Map shows Chinese explorers may have discovered New Zealand before Europeans, according to new book

A new book claims a map from 1602 shows Chinese explorers could have discovered New Zealand before Europeans. 

The consensus among scholars is that Chinese marine voyages in the early 15th century only took the explorers to countries bordering the Indian Ocean. 

But author Sheng-Wei Wang posits in Chinese Global Exploration in the Pre-Columbian Era: Evidence from an Ancient World Map their exploration zone extended beyond that to the Americas, Africa, Australia and New Zealand. 

A map shows when Chinese explorers could have discovered New Zealand.
A map shows when Chinese explorers could have discovered New Zealand. Photo credit: Image Database of the Kano/SCMP

Wang's conclusions, as reported by the South China Morning Post, are based on her analysis of the first Chinese-language world map, the Kunyu Wanguo Quantu (KWQ), in which she concludes it was sourced from Chinese maps by Ming dynasty (1368-1644) explorers rather than being of European origin. 

As well as concluding the map shows Chinese explorers beat Christopher Columbus to the Americas and rounded the southern tip of Africa by 1433, Wang examined the depiction of the Oceania region on the KWQ. 

The KWQ depicts Australia and Antarctica as a huge connected continent taking up the entire bottom section of the map. 

Seventeenth-century Japanese copy of Ricci's 1602 map of KWQ.
Seventeenth-century Japanese copy of Ricci's 1602 map of KWQ. Photo credit: Image Database of the Kano/SCMP

As Wang examined the map, she noticed that the actual outline of northern Australia appeared somewhat similar to the stretched out coastline depicted in the map.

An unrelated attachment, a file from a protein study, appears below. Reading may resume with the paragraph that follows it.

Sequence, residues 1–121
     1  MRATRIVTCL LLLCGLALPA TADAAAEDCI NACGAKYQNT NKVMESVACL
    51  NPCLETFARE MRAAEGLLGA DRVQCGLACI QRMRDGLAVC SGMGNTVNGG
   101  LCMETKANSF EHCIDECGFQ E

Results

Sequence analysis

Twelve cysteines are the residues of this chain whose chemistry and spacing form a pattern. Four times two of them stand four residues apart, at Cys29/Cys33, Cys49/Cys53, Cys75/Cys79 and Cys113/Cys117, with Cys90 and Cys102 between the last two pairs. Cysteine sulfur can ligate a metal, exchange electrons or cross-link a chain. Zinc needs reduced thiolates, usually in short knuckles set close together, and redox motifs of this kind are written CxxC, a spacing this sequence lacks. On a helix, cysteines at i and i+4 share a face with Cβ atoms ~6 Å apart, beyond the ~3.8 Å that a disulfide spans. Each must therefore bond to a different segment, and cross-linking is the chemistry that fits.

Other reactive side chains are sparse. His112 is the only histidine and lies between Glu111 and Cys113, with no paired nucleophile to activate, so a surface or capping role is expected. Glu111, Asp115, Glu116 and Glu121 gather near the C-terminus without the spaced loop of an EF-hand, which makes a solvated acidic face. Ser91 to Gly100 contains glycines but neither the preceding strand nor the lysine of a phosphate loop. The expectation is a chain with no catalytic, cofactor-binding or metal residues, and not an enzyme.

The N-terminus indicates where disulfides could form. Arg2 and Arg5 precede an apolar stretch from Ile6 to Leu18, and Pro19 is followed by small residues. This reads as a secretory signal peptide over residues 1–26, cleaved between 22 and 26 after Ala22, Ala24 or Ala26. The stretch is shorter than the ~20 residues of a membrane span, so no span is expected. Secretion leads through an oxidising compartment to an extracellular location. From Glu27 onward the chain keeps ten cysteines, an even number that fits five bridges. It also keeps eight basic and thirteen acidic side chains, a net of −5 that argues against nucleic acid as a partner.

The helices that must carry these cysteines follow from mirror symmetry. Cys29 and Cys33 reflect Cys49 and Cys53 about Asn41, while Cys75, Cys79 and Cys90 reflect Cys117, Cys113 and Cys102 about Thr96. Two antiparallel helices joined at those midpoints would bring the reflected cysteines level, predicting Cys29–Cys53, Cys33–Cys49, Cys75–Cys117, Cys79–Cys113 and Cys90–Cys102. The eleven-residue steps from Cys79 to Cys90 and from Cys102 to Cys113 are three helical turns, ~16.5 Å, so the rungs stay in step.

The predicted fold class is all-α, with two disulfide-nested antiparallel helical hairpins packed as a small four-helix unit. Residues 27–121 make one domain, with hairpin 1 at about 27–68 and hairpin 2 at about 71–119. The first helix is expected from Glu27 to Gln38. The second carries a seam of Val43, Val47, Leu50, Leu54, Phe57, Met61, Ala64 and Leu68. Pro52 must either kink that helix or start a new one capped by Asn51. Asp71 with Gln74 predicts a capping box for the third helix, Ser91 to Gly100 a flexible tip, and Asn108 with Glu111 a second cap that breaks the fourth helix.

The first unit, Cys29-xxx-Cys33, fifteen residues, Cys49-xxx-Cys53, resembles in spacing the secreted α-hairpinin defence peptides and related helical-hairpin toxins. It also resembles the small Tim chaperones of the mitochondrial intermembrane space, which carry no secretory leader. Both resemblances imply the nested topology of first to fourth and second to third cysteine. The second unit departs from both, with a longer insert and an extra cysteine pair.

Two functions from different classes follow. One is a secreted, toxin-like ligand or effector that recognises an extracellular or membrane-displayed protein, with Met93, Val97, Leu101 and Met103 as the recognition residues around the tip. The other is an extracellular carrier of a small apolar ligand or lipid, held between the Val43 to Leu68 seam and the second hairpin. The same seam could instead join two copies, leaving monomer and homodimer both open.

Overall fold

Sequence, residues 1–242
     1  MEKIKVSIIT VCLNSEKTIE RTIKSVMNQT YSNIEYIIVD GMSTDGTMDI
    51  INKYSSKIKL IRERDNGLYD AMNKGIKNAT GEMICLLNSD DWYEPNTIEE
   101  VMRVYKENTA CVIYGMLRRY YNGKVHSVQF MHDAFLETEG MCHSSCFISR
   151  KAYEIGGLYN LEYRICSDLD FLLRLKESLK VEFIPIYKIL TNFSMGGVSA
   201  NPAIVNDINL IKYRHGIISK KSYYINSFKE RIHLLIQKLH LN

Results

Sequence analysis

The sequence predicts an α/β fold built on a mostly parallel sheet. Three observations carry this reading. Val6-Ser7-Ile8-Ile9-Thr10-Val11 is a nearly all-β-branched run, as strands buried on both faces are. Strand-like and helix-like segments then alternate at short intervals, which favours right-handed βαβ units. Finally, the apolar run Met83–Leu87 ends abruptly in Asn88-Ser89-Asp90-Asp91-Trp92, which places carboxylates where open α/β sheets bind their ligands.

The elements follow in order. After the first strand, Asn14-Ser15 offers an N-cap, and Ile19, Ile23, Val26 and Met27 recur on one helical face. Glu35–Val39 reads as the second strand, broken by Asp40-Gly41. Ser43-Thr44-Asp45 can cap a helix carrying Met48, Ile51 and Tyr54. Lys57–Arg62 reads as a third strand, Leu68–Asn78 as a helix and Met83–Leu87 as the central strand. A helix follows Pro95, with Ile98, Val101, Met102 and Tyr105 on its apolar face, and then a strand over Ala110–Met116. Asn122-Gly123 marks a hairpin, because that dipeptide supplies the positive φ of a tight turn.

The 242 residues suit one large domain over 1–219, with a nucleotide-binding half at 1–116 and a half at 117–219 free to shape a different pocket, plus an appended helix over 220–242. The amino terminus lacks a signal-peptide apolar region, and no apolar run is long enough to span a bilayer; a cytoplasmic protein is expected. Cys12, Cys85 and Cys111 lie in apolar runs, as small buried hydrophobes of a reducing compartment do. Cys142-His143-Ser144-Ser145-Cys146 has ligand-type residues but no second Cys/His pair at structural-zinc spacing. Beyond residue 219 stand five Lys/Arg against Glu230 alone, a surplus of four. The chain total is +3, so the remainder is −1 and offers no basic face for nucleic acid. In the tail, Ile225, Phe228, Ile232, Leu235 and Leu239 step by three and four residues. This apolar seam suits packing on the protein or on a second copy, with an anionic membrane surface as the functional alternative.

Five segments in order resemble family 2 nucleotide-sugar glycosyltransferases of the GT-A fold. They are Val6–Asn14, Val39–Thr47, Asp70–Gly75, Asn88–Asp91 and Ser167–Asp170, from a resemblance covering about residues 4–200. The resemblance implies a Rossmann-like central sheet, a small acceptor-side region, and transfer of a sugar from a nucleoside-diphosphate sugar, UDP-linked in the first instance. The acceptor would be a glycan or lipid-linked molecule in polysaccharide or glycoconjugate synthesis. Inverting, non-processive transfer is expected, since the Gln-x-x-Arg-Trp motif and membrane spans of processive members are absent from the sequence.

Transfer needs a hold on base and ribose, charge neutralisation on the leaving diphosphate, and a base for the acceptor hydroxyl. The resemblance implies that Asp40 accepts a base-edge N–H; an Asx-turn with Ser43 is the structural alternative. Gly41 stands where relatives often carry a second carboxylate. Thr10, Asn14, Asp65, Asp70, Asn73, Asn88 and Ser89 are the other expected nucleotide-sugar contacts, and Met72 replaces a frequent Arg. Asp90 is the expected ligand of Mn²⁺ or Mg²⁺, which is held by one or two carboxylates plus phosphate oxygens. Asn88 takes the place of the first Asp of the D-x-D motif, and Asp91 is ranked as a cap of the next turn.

But the more interesting part that piqued her interest was that the map included a group of islands off to the east - islands that Wang thought could represent New Zealand. 

The Dutch explorer Abel Tasman is officially recognised as the first European to "discover" New Zealand in 1642, around 350-450 years after ancestors of the Māori arrived from Polynesia. 

Wang said the KWQ suggests Chinese mariners had explored Australia, New Zealand and Antarctica by the 1420s, much earlier than European explorers. 

Wang also touched on the findings of British surveyor T.C. Bell in the book, which she says shows "direct [hard] evidence of Chinese junks and Chinese presence in New Zealand".

Bell found what he said seemed to be two crushed ships lodged upside down in a hill on the southeast coast of the South Island in the early 2000s - a result of landscape changes from a tsunami. 

He also claimed sticky rice adhesive - a potent glue that was also used in sections of the Great Wall - was used to join concrete blocks to fortify the ships, Wang wrote. She said he also found Chinese lettering on the concrete.

But Kiwi historians are rubbishing Wang's claims, in part because Bell's claims have been discredited.

"I have not read Dr Wang’s recent book, the focus of the South China Morning Post article, and nor do I intend to, but her reheating of the claims (and those made by Cedric Bell in the 1950s) seem presently, again to my mind, to play into a particular PRC [People's Republic of China] driven nationalistic narrative that this author (not a trained historian; and nor were Menzies, Bell et al) has shown herself prone to in the past," Programme Director for the New Zealand Contemporary China Research Centre at Victoria University Duncan Campbell said.

*Update February 5: This article has been edited to make clearer T.C. Bell's claims are not supported by historians.